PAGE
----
At a party, it’s not rare to get to a point in the conversation where you are unsure of the facts. We can either sit and ponder for hours, or we can pick up the smartphone and find the answer. That’s how it should work at the workplace as well.
Lately, there have been some parties. For example yesterday, when we celebrated the 17th of May – Norway’s day of independence. Then we sat down, after hours of parades and sausage eating and suddenly realized that we couldn’t remember the name of the youngest member of the Norwegian Royal Family. “Magnus-something-or-other” was the closest we came.
Then the solution was, as usual, to pick up the iPhone and search for “the Royal Family” on Google. Not only did we find out that his name is Sverre Magnus, but we also got to see pictures, his birthday, what his sister is called, and so on and so forth. Also the complete list of the royal family gave us new topics of conversation and maybe more answers then we did sought.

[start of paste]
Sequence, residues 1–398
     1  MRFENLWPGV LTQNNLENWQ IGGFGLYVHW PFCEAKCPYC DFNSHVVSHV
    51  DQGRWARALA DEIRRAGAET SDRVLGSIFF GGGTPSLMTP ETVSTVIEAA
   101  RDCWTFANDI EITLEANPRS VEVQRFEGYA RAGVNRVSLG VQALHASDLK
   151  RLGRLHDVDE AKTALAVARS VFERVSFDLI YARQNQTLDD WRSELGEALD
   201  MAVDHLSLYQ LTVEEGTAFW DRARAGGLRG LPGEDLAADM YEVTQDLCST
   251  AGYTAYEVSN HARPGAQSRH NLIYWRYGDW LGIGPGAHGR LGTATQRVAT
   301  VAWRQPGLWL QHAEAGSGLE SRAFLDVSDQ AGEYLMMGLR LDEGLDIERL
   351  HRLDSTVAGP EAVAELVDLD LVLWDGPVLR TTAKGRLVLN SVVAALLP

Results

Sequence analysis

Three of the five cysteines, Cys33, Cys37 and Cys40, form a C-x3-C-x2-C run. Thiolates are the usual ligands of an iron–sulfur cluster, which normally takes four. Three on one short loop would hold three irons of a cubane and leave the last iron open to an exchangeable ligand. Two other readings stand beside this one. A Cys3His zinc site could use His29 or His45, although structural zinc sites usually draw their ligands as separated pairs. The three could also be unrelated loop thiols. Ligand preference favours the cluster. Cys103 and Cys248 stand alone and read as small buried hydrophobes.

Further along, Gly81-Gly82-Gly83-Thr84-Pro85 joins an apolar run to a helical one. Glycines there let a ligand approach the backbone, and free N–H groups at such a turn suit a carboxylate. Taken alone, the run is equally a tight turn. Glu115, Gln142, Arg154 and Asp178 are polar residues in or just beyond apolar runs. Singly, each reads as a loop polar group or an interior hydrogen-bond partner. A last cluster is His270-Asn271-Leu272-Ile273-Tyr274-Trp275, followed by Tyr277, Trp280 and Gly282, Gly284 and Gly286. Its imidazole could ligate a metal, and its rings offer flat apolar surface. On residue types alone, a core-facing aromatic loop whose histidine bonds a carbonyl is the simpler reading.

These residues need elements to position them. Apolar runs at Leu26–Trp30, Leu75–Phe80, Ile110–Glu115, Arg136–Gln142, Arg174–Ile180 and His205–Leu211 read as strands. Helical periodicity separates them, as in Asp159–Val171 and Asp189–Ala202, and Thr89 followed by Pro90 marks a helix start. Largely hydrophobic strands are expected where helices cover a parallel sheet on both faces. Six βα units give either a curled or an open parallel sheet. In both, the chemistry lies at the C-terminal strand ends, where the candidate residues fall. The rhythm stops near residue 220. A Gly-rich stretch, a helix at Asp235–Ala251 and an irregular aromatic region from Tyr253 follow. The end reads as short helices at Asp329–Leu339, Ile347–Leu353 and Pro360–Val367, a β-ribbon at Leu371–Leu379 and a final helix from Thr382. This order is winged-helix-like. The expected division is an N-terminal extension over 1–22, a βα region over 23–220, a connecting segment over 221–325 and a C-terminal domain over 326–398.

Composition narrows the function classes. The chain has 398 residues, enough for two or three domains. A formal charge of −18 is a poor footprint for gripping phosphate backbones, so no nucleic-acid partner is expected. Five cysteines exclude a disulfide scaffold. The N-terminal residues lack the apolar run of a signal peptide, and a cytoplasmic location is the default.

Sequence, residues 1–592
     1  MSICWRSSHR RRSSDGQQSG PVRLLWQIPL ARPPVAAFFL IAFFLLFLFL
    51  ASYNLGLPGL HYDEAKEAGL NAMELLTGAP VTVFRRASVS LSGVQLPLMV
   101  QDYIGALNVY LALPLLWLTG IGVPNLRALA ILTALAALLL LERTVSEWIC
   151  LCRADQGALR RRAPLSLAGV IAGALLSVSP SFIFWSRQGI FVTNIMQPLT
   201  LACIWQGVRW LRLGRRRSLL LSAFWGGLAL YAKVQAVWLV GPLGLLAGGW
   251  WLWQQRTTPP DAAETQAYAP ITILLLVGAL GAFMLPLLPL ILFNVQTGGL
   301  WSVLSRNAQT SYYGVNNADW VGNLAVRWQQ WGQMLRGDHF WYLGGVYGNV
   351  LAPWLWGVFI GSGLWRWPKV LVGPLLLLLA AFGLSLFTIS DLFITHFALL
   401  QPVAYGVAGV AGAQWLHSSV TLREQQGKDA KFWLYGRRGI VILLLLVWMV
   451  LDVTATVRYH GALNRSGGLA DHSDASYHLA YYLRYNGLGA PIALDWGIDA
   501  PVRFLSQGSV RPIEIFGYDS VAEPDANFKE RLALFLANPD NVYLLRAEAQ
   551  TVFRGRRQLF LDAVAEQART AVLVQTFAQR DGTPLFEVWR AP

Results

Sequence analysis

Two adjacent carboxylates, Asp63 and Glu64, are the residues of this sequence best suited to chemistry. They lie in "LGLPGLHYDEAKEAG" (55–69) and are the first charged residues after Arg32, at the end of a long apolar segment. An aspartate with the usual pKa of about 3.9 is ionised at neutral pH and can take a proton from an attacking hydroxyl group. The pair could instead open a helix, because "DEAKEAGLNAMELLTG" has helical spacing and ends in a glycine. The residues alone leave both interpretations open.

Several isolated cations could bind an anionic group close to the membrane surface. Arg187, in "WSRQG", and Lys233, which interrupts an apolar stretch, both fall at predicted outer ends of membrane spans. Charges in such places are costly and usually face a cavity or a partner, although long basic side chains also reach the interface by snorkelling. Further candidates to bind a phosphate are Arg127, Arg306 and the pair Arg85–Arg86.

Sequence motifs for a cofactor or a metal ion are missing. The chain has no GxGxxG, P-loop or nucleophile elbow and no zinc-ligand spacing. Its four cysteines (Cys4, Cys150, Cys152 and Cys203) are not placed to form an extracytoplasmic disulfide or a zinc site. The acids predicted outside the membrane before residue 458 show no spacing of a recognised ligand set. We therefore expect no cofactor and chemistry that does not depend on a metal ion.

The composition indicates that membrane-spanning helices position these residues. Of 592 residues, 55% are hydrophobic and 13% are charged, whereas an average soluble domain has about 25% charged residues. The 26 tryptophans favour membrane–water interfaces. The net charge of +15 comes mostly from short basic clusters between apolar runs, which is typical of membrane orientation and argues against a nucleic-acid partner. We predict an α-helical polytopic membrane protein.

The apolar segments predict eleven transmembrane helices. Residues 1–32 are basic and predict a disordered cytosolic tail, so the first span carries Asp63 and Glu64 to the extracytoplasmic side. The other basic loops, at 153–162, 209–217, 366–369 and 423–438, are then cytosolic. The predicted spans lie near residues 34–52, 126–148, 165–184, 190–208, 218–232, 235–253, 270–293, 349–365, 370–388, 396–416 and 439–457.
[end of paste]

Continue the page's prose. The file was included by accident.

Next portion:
And why do I use the blog to share an uninteresting, private Royal-Family conversation I had at the 17th of May? Simply because I every day see how important good search is as a problem solver, and a way to find the answer we’re looking for.
In a workplace, we have lots of information available: both internal information and information through, for example, Google or Bing. How much time do we spend talking about things we cannot find the answer to? Or how much time do we spend sitting alone wondering? Or how much time do we spend digging through old documents, presentations, customer records, and so on.
If we have good internal search at work, we can quickly find answers, find richer answers then we were looking for, and find colleagues that can give the answer to us.
And the search should be as easy as my 17th of May-solution, to grab the phone out of my pocket.
What is your experience with internal search?